The essential Shonen Knife

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Sticking around for 40 years is an impressive feat for any band, but in punk it is almost unheard of. That is just one of the incredible things about the Osaka-punk band, Shonen Knife. Though their line-up has changed slightly over the years, their philosophy of making the loudest, fastest, most stripped-back punk they can has stayed intact longer than most of the bands they tour with have been alive.

In our efforts to celebrate everything great in Japanese rock music, we’ve got to showcase what makes Shonen Knife worth listening to.

The Essential Shonen Knife

Shonen Knife

Shonen Knife was formed way back in December 1981 when sisters Naoko and Atsuko Yamono and their friend Michie Nakatani got together to play. The almost immediately stood out among punk bands at the time, where all-female groups were rare. Listening to their early work, it is easy to find their first inspirations in Western punk bands like The Ramones and The Buzzcocks, but Shonen Knife would prove to have a staying power that few other punk bands of the time could manage.

Despite their clear influence from the anarchistic punk of the 1970s, Shonen Knife instead focused on delivering a more upbeat, fun message through their catchy melodies and verses that described life as a cat or celebrated their favourite sweets. It was a strange contrast to the punk scene at the time and could have been dismissed as a simple gimmick, were it not for the incredible energy that each member brings to their performances. These women give maximum effort in every song on every set.

Shonen Knife would enjoy some underground success in the mid-80s, but their popularity would skyrocket in the late 80s and early 90s. They began to get radio play in the US and UK and even played a few shows overseas, something few punk outfits managed to do. Then in 1991, Nirvana asked the trio to be their opening act for their UK tour around the time that Nevermind hit shelves and became the defining album of its generation.

The band wouldn’t go on to reach the heights of stardom that Nirvana did, but that doesn’t take away from the fact that they are still touring and recording music today. Their most recent album, Sweet Candy Power, was released in 2019 when most of their members were well into their fifties, and they have shown very little signs of slowing down yet. With a massive 21 studio albums and 13 singles under their belt, we can only hope that they keep on rocking for as long as possible.

If you want to get a taste for the music that has kept fans coming back to this band for nearly four decades, here are our top picks from Shonen Knife to get you started.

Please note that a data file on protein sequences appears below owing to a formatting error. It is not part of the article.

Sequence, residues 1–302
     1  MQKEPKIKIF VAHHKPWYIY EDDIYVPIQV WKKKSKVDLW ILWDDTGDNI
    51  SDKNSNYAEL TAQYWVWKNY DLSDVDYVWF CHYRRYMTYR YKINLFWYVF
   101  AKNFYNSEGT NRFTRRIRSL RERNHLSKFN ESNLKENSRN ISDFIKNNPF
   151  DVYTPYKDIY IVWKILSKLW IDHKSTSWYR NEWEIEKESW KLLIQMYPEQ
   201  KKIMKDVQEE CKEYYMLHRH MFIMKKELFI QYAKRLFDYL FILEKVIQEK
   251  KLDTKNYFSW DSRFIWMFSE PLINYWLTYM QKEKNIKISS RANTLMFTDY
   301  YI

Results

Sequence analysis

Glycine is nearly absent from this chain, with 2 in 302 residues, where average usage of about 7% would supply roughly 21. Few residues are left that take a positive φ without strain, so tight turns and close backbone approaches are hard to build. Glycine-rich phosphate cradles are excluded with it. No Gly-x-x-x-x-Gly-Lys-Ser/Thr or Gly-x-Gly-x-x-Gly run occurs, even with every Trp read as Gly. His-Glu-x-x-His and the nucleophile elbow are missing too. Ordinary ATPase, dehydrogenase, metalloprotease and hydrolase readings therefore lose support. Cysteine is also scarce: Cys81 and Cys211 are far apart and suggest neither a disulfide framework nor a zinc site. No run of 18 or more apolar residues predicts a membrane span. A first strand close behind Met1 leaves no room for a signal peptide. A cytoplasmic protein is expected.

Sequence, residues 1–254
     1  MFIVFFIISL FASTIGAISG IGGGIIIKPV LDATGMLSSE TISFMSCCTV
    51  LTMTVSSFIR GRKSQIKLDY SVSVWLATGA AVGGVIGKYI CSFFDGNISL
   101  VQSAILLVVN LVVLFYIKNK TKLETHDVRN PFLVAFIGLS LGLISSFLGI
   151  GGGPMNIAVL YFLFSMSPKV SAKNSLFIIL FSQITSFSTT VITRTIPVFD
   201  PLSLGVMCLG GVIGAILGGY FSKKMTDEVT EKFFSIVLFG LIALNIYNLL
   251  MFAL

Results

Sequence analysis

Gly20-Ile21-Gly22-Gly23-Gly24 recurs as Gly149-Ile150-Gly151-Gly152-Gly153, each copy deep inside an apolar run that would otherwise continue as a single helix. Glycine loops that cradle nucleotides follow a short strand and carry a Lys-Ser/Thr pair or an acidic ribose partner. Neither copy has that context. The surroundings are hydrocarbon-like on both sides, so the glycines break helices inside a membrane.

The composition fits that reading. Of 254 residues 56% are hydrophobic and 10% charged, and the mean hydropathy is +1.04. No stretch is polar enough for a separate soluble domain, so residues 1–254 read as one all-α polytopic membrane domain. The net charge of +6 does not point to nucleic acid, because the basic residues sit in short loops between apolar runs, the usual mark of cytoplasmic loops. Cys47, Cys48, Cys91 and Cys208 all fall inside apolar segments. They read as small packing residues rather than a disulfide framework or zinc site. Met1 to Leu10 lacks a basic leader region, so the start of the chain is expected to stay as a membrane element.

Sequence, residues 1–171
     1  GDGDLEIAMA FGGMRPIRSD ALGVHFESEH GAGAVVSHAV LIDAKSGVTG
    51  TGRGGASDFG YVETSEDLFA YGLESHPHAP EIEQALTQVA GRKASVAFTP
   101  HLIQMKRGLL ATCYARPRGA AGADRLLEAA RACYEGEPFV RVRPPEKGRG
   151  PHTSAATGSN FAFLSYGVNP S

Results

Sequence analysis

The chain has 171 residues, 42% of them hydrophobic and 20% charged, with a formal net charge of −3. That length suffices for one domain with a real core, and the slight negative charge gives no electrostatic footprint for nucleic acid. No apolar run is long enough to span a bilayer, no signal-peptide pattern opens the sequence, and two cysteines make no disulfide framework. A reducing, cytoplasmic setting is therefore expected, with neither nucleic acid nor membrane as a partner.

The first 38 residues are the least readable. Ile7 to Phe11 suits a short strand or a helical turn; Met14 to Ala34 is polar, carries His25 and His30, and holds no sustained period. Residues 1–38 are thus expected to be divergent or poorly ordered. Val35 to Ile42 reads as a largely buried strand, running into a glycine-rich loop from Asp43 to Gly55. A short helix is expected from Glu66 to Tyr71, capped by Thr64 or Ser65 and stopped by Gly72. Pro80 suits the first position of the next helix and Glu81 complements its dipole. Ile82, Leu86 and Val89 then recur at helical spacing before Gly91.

Sweet Christmas

I’m a huge fan of punk rock Christmas songs, mostly as a break from the usual Wham! and Mariah that radio stations play from November onwards, but this is an especially fun one. It isn’t a love song or even about presents. This is a song that focuses on the one thing we all can agree is the best part of Christmas: the food. It features the loud, energetic drum work that has been a staple of Shonen Knife since they were founded, along with their penchant for singing about sweet treats.

Twist Barbie

This was supposedly the song that made Kurt Cobain pay attention to Shonen Knife, and features on their first full album, Burning Farm. Released in 1983, this song is vintage Shonen Knife. With lyrics that wander playfully around topics and a wall of sound that starts at the first note and doesn’t let up, it is a great introduction not just to this band but to many bands of the era. 

Like A Cat

This one is fairly self-explanatory, so I’ll leave it for you to enjoy with no further commentary.

Buttercup (I’m a Super Girl)

This song was from the 2001 Powerpuff Girls tribute album, Heroes and Villains. It brings in plenty of Shonen Knife’s influence from The Ramones, but it is such a fun, energetic song that it is easy to see why the band was chosen to write a song especially for the character of Buttercup. It is rebellious and loud while somehow remaining wholesome at the same time. This was the first song I ever heard from the band, and has been a staple of my workout music since I was a teenager.


That should get you started on exploring Shonen Knife if you’re a newcomer — be sure to check out the library of their work that is available on services such as Spotify if you’d like to hear more! And for Shonen Knife veterans, we’d love to hear about your favourite tracks — tell us about ’em in the comments or via the usual social channels!

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